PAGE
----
5 president toned down his promotion of contraception. Moreover, his government adopted a structural adjustment programme recommended by the International Monetary Fund of fiscal austerity and reduced social spending. During these years, international donor assistance to population, family planning and health was extremely limited. UNFPA was the only foreign donor providing financial and technical assistance to the government. Apart from contraceptive donations to the public sector, the US Agency for International Development (USAID) directed all of its support to non-governmental family planning services. Until the early 1990s, Peru s population policy and public health services were weak and the public family planning programme poorly organised. 1 Progress towards reproductive health and rights: As preparations began for the ICPD, various factors came together to create a favourable policy environment for addressing unwanted pregnancy and related reproductive health concerns, and improving women s rights. First, the Demographic and Health Survey demonstrated a widespread desire among Peruvians to have fewer children and control their fertility, yet large sectors of the population lacked the conditions necessary to fulfill this desire. 20 Second, women s rights groups reoriented their advocacy efforts more effectively towards policymakers, to raise awareness of how gender inequalities work against women s reproductive health and proposed appropriate public policies to reduce disparities. Third, the political and economic situation was stabilised, allowing Fujimori s government greater leverage for making policy decisions contrary to the position of the Catholic hierarchy. Finally, foreign donors decided to shift the bulk of their investment towards strengthening government services after a UNFPA evaluation found that the public sector s large stock of contraceptive methods, mainly donated by USAID, were inadequately managed and often remained in MoH warehouses undistributed. The confluence of these factors led the Peruvian government, in 1994, to sign the ICPD Programme of Action and reinforce its commitment to reproductive health and rights at the Beijing Conference the following year.* At Beijing and in Peru, Fujimori openly promoted women s universal access to contraceptives. Official government discourse placed this issue within the context of social justice and reproductive rights: poor women deserved the same opportunity as wealthier women to regulate their fertility, and all women had the right to control their bodies and use contraceptives if they wished. 21 For the first time, the Peruvian government adopted measures to expand reproductive choice and offered free contraceptive services in public health facilities. In September 1995, the Peruvian Congress, controlled by Fujimori s political alliance, legalised sterilisation. Soon thereafter, the MoH drafted its first comprehensive reproductive health programme and the Ministry of Education initiated an innovative sexuality education programme in public schools, in line with ICPD accords. For example, on paper, the reproductive health programme proposed addressing a range of women s health priorities by improving quality of care and increasing access to services: 22 The programme s strengths include that reproductive health is conceptualised as a woman s right and abortion is considered a public health problem. (Programme manager, women s rights NGO, Lima, 1998) In addition, government officials sought out the expertise and involvement of civil society groups and women s health advocates. For example, two women s rights groups, Red Nacional de Promoción de la Mujer and Movimiento El Pozo, were among the diverse institutions that validated the new teachers guides for sexuality * The official Peruvian delegation expressed two main reservations with regard to the Platform of Action at Beijing: abortion could not be included as a contraceptive method and sexual rights could only refer to heterosexual relations. Peru has also ratified international treaties for women s human rights, including the Convention for the Elimination of all Forms of Discrimination against Women (CEDAW, 1982), the Universal Declaration on of Human Rights (1993), the Inter-American Convention to Prevent, Sanction and Eradicate Violence against Women (1996) and the CEDAW Facultative Protocol (2001). 60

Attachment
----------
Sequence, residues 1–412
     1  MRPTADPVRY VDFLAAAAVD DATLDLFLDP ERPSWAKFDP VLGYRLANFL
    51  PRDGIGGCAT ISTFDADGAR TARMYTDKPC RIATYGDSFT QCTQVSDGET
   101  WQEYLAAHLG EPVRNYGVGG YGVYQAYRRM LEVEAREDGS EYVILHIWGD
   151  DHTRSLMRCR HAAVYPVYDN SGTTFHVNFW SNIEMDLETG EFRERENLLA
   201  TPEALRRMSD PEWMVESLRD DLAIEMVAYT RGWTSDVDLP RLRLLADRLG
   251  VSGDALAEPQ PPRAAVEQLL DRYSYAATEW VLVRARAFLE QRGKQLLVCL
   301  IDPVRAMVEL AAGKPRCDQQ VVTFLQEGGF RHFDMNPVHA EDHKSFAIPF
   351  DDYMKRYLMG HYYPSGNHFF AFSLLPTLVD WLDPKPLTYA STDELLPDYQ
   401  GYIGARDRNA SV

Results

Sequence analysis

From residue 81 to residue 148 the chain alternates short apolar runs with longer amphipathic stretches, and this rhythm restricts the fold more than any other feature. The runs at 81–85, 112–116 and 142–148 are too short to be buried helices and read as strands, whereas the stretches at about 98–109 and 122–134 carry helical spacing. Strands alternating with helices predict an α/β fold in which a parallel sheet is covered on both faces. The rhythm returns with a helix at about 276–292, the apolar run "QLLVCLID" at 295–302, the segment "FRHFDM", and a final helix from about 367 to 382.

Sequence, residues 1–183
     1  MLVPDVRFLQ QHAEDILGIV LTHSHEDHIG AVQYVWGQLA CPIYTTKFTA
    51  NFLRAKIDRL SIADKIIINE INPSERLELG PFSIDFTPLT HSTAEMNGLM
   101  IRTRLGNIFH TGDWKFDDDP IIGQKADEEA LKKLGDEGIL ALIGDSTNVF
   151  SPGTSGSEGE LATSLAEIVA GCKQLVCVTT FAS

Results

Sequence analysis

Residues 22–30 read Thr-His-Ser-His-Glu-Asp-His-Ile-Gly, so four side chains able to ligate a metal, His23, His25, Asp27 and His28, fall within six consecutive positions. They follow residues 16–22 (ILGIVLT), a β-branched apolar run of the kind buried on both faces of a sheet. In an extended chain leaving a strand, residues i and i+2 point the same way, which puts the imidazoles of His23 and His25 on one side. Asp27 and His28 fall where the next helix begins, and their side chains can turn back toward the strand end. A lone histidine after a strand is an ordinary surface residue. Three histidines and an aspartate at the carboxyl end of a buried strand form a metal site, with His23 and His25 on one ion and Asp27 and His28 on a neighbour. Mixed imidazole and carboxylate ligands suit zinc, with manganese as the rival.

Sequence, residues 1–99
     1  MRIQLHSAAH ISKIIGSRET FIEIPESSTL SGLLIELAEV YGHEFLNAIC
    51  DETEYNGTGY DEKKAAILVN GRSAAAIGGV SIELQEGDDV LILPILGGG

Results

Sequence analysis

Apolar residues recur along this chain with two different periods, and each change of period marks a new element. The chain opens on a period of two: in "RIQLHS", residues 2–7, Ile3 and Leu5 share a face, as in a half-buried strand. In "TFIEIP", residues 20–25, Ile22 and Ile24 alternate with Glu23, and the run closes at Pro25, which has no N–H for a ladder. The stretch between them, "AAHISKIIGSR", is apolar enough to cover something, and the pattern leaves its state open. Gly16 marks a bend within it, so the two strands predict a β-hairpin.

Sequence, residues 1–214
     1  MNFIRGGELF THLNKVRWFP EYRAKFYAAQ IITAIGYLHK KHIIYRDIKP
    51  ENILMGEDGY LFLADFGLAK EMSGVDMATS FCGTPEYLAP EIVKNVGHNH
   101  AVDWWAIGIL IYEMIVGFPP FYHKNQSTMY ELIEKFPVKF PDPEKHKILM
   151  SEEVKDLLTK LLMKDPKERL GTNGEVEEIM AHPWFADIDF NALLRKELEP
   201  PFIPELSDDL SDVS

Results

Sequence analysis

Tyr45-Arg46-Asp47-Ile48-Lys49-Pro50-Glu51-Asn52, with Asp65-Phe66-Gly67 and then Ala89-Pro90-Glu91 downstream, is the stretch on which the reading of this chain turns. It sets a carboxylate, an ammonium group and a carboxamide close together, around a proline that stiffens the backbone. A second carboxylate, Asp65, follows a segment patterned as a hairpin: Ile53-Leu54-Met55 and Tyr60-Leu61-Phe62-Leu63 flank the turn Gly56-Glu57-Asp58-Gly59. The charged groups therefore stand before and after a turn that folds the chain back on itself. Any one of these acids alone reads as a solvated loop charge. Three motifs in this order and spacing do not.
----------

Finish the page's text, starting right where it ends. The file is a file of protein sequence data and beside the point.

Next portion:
6 education. 23 Three women s rights organisations, Movimiento Manuela Ramos, Centro de la Mujer Peruana Flora Tristán and CESIP, worked with the social marketing agency, APROPO, to train schoolteachers in using the new guides. 24 Women s groups, including Manuela Ramos, Flora Tristán and Consorcio Mujer, participated in the Working Group on Gynaecological Cancer that later devised the first national plan to address this issue. 3,15 Government measures also emphasised equal opportunities for women and men. In each branch of government, a public agency was set up to advance gender equity a Ministry for the Promotion of Women and Human Development (PROMUDEH), a Congressional Committee on Women and a Public Ombudsman on Women s Rights. In addition, laws advancing gender equity were passed, including one that recognised domestic violence as a crime (1997) and another that allowed pregnant adolescents to finish secondary school (1998). 25,26 Finally, at the initiative of women s rights groups, a Tri-Party Commission was formed in 1997 to monitor the implementation of the ICPD PoA, which included representation from government institutions, donor agencies, NGOs and universities: Its main achievements include prioritising what areas of the ICPD PoA to monitor (all related to reproductive health), creating a database of what activities each member institution is carrying out to address the priorities, and developing a system of indicators to monitor improvements in these areas. (Programme officer, donor agency, Lima, 2000) Foreign donors also stepped up their support. Between 1994 and 1998, USAID provided US$85 million in population funding alone, three-quarters of all foreign assistance to Peru for such activities. 27 During this same period, UNFPA gave almost US$14 million and the UK Department for International Development (DFID) contributed US$7 million. Although their assistance remained centred on family planning, donors initiated the arduous task of redefining their own policies, moving towards a more comprehensive and user-centred approach to reproductive health. Prior to the ICPD, their programmes had sought mainly to achieve demographic objectives, without taking into consideration local context or needs. The assumption was that as long as contraceptive methods are offered, women will automatically request and use them, which ignored the broader conditions that place women at a disadvantage for enjoying their sexuality and controlling their fertility. Donor objectives in Peru shifted to focus on preventing unwanted pregnancies, improving women s health and protecting individual rights In addition, they addressed other critical needs. For example, USAID funded the MoH to strengthen the STD/AIDS Control Programme, develop services tailored to adolescent needs, and lead a multisectoral working group to design the first National Prevention Plan on Gynaecological Cancer DFID funded the expansion of post-abortion care to 43 hospitals and medium-sized facilities nationwide. 31 Finally, donors directed funding for improvements to the broader social conditions to enable women to exercise reproductive choice. For example, UNFPA led efforts to develop a multisectoral population policy that would contribute to reducing poverty, social discrimination and gender inequities. 32,33 Donors also worked to foster civil society participation in policy by channelling assistance to national women s groups, such as Manuela Ramos, Flora Tristán, and Red Nacional, to conduct advocacy campaigns and promote government accountability. Re-emergence of a demographic approach: Despite these advances, in 1996 the government failed to approve an official National Population Policy, but it did return to a demographic focus early that year without making this information public. The policy shift emerged as a response to mounting international and domestic pressure to address deepening socio-economic disparities. Despite macro-level economic growth, marketoriented economic policies implemented during Fujimori s first term did not yield a decline in poverty or an increase in employment. 3 The Fujimori government then made contraceptive services the core component of its mass poverty relief programme. 3,34 The fertility rate among poor women is 6.9 children they are poor and are producing more poor people. The president is aware that the 61